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Is Zero a Square Number?


Date: 02/16/2000 at 10:47:33
From: Janie Cates
Subject: Is zero a square number?

I would like to know whether or not zero is considered to be a square 
number. I have found some sources that say it is. and others that say 
it isn't. Please let me know so that I can tell my students.


Date: 02/16/2000 at 11:11:18
From: Doctor TWE
Subject: Re: Is zero a square number?

Hi Janie - thanks for writing to Dr. Math.

This depends on the way you (or your source) define the term "square 
number." Some sources define a square number as any number that is the 
square of an integer. By this definition, zero is indeed a square 
number, because 0 = 0^2 and zero is an integer.

Others define a square number as any number that is the square of a 
natural (or counting) number. The natural numbers are the set of all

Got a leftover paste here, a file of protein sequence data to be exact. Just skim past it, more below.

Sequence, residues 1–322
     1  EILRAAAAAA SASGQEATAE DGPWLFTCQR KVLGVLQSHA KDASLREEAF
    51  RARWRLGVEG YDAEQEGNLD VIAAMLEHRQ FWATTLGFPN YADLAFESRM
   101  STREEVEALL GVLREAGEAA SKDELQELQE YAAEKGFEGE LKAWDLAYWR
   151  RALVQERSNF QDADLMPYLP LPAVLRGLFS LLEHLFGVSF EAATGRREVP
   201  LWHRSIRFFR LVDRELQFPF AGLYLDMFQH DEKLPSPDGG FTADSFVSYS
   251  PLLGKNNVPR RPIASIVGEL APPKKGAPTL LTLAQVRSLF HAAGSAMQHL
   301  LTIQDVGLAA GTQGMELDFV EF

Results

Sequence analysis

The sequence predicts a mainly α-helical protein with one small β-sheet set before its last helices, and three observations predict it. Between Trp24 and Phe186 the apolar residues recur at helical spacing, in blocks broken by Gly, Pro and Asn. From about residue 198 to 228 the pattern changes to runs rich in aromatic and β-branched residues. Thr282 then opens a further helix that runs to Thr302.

integers greater than or equal to one. Since zero is not considered a 
natural number (and no other natural number squared equals zero), zero 
would not be considered a square number using this definition.

This second definition has more of a "geometric" interpretation. 
Imagine measuring the area of a square that is n units on a side. 
If n = 0, you don't really have a square to begin with - you have 
nothing. In ancient times mathematicians didn't count zero (or even 
have a symbol for it) because they used numbers to represent physical 
measurements, and a physical object couldn't have a measurement of 
zero.

I hope this helps - if you have any more questions, write back.

- Doctor TWE, The Math Forum
  http://mathforum.org/dr.math/   
    
Associated Topics:
Elementary Number Sense/About Numbers
Middle School Number Sense/About Numbers

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